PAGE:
Supreme Court okays sex workers’ march

THE Supreme Court on Tuesday set aside a 2016 High Court decision barring sex workers from holding a street march in Bulawayo to protest against abuse.


The street march, which coincides with the International Day to End Violence Against Sex Workers which takes place annually on December 17, was organised by the Sexual Rights Centre (SRC).

Police had turned down the SRC application on grounds that prostitution was illegal in Zimbabwe.

Subsequent applications were also turned down, forcing the SRC to take the then Home Affairs minister Ignatius Chombo and Police Commissioner-General Augustine Chihuri to the High Court, challenging a decision by the police to bar sex workers – commonly referred to as prostitutes – from holding a street march.

The High Court turned down their application, forcing the SRC to approach the Supreme Court.

SRC executive director, Humphrey Ndondo welcomed the Supreme Court decision to allow the organisation to go ahead with their march to highlight the discrimination and harassment faced by sex workers.

“The SRC welcomes the decision to set aside the High Court ruling. Throughout Zimbabwe, sex workers and other marginalised persons are extremely vulnerable to violence, stigma and abuse. In a democratic society such as Zimbabwe, it is important that we create awareness and dialogue aimed at preventing such abuse and the impunity associated with it,” Ndondo said.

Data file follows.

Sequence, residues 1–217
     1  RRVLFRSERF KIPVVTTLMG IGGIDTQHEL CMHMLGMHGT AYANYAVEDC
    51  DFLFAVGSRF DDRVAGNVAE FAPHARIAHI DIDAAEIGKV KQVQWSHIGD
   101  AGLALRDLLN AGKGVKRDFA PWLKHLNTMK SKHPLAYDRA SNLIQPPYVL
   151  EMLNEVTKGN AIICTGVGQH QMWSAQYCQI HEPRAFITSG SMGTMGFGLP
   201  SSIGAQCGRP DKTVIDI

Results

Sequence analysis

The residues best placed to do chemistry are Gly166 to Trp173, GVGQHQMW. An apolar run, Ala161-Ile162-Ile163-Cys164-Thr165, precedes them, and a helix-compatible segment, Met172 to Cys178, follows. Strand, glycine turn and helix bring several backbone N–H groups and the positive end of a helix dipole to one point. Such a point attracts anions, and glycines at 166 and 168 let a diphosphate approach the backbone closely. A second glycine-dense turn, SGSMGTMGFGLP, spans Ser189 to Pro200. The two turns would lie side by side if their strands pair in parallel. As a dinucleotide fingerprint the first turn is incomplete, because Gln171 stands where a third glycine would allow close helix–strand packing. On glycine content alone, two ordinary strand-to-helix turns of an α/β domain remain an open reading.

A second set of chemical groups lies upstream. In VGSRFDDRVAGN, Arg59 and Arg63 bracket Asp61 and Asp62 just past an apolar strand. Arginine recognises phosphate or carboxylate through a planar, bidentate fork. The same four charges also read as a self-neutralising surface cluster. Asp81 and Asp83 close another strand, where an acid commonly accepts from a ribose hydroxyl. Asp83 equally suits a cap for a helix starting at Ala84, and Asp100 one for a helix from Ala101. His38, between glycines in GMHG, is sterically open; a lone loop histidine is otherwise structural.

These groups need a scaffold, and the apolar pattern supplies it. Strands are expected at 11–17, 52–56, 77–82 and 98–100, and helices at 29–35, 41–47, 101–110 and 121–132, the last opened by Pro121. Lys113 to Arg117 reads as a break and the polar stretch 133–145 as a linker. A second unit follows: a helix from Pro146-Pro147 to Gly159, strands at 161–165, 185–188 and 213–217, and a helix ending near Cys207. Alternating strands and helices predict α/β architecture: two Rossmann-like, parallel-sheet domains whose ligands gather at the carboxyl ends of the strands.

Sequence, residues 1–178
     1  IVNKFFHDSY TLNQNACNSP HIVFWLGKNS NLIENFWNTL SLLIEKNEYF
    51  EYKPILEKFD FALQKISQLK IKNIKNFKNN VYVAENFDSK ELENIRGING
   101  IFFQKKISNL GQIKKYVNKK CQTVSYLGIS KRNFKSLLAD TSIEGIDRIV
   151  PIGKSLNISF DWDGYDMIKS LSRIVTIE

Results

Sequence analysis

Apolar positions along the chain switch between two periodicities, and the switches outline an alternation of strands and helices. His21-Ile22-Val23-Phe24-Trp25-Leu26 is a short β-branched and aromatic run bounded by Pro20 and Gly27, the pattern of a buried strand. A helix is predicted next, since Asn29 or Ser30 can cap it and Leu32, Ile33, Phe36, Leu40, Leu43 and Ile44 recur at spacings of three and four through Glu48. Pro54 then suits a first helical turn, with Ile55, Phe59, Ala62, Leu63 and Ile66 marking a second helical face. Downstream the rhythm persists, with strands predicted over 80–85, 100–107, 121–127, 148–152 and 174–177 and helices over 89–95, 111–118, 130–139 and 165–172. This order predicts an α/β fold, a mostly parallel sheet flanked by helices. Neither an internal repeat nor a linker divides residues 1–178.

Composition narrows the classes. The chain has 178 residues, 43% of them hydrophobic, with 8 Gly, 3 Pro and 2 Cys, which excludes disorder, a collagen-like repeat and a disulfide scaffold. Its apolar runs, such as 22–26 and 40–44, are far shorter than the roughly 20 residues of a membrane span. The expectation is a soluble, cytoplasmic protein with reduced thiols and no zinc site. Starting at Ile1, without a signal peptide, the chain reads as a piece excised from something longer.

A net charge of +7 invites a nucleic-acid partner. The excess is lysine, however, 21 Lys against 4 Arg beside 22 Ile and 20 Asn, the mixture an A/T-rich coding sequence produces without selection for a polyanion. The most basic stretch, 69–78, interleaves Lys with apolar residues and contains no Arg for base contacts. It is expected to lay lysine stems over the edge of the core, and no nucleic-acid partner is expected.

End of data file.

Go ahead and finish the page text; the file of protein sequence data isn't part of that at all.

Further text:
The Bulawayo-based Sexual Rights Centre is a national human rights organisation which promotes and encourages openness and tolerance in order to address stigma and discrimination affecting vulnerable and marginalised persons.

“The decision comes at an important time and has opened the door for the SRC to hold a peaceful march to commemorate the upcoming International Day on December 17, 2017,” Ndondo added.

Tashwill Esterhuizen, a programmes lawyer at the Southern Africa Litigation Centre, added: “The right to peaceful demonstration and assembly are important rights in any democratic society. They are beneficial since they increase appreciation in society of diverse ideas and opinions and bolster social cohesion.”

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  1. Prostitution is known to be a way for ladies with infectious diseases to deliberately and spitefully “offload” viruses and to commit crimes. So no, President Mnangagwa should not legalize prostitution. Instead, the root causes of this dehumanizing, shameful, last resort for survival (especially unemployment) should be addressed as a matter of urgency.

  2. In a country where rule of law is supreme there is such a thing as “the president should stop this” when the courts have ruled.

  3. The president can veto any law if deemed necessary so yes he can stop this.

  4. Comment…the court has ruled so u cant tell Mnangagwa to reverse the decision. remember there is that thing called separation of powers. if he begins to reverse decisions by the court u will start crying foul again. this is a new democracy my friend.

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